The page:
More than 400 families contact Nottingham's maternity review in first two weeks

Donna Ockenden, who chairs the review, says 'no voice will be left behind' Credit: PA Images

More than 400 families have contacted the new Nottingham maternity services review less than two weeks after it began, says senior midwife Donna Ockenden.

Ms Ockenden - the chair of the new 18-month independent review investigating maternity care at Nottingham University Hospitals NHS Trust (NUH) - says it is already at a "very large scale indeed".

The midwife, who led the investigation into the maternity scandal at Shrewsbury and Telford Hospital NHS Trust, told ITV Central: "We've got off to a very fast start in terms of the number of families that have come forward.

"We can see already that there are significant issues."

She added that she is adamant to ensure "no voices are left behind" and she expects more bereaved families with experiences to come forward.

Donna Ockenden reflects on the reviews first two weeks and her aims for the review

On Tuesday, she met affected families of maternity-related failings at Nottingham's Queen's Medical Centre and City Hospital, after it was announced incidents from 10 years ago will be considered in the review.

Ms Ockenden said: "The overriding theme from families was, what happened to us must not be allowed to happen to other families."

Community groups attended the meeting including the Nottingham Muslim Women's Network and a voluntary run project Zephyr's, which supports people who have suffered pregnancy loss or the death of a baby or child.

The families say they are "relieved" the review is underway into Nottingham University Hospitals' Trust (NUH) Maternity Units and are "grateful" families and staff are being listened to.

Ms Ockenden reflected on how the review has been received by those affected, saying: "Conversations went well, I think families are relieved that the review is under way.

"Yesterday there was a gratefulness that families and staff are being listened to."

She said: "Well over 400 families have contacted us directly but what we mustn't forget is potentially over 600 families contacted the previous review which closed."

Any families who were part of the last review are automatically members of this review if they want to be.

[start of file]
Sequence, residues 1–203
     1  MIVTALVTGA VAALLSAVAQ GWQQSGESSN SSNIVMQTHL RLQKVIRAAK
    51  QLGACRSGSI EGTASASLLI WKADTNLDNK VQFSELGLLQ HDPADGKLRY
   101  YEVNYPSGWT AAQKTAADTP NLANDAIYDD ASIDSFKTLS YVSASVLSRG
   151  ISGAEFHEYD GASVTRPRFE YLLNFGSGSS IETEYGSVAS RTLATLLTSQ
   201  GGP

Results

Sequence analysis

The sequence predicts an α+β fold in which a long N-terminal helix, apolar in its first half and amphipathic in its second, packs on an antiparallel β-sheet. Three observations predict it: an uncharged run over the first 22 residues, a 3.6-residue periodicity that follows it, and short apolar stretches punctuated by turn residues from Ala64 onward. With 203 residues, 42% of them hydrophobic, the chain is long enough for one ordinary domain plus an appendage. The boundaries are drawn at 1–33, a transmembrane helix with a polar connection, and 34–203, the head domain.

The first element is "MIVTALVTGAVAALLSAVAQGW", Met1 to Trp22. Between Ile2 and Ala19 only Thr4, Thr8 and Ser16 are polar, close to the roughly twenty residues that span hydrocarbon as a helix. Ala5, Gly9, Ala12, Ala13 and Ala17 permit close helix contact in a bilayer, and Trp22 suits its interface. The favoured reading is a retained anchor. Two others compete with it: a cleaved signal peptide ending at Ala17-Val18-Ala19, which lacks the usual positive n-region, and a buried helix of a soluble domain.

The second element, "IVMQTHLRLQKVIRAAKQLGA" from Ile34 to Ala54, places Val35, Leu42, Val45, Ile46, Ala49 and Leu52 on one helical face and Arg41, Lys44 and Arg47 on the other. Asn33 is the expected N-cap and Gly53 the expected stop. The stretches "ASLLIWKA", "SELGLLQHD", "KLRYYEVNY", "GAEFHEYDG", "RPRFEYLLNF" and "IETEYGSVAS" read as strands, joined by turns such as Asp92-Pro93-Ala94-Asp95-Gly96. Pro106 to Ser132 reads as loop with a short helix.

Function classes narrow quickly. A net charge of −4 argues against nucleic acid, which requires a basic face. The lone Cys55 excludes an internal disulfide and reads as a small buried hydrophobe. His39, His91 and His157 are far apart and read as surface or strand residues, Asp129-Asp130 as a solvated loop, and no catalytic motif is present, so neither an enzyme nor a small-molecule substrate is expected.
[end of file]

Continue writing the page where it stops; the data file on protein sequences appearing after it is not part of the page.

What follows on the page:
Ms Ockenden said: "They'll (NUH) be providing to our review team with their cases of stillbirth, of neonatal death, of babies sustained brain damage, of mothers who sadly died and mothers who experienced sustained severe harm as part of their maternity care."

"If there are cases within those five groups that we've just talked about that want to come forward they can contact us as well."

The review aims to examine failings at the maternity units in the two Nottingham Hospitals following the deaths and injuries of dozens of babies and mothers during or shortly after birth in the maternity wards.

It officially started on 1 September after bereaved families called on the Health Secretary for urgent change and the previous NHS review was scrapped.

Ms Ockenden previously lead a review into Shrewsbury and Telford NHS Trust's maternity services, which found 201 babies and nine mothers might have survived if they had received better maternity care there.

This review, however, is expected to last 18 months, depending on the number of families who come forward and it was announced on Tuesday (13 September) it will consider cases from 1 April 2012.

In some circumstances, experiences dating back to April 2006 will be considered if they "add significantly to the review's findings".

Ms Ockenden explained: "We know NUH look after about 10,000 women a year so 10 years of cases is 100,000 families.

"What is really important is that the work we do is in sufficient detail and helps NUH to improve in the here and now."

When asked about working with the hospitals she said she wants staff on the ground to also feel "heard and listened to".

The independent review comes after dozens of babies died or were injured at the Nottingham University Hospitals (NUH) Trust. Credit: PA Images

Inspectors the Care Quality Commission currently rate maternity at NUH as "inadequate".

Hospital executives are working to an improvement plan and the trust appointed a new chief executive, Anthony May, on 1 September.

In an open letter published on the day, Mr May said: "I am determined to deliver the improvements needed in maternity services, building on the work of our Maternity Improvement Programme."

He added: "I would like to welcome Donna and her team to Nottingham and I look forward to working collaboratively with Donna, as part of our wider improvement programme.

"While there is more to do, I have been impressed by the hard work, dedication and expertise of the teams I have met across NUH."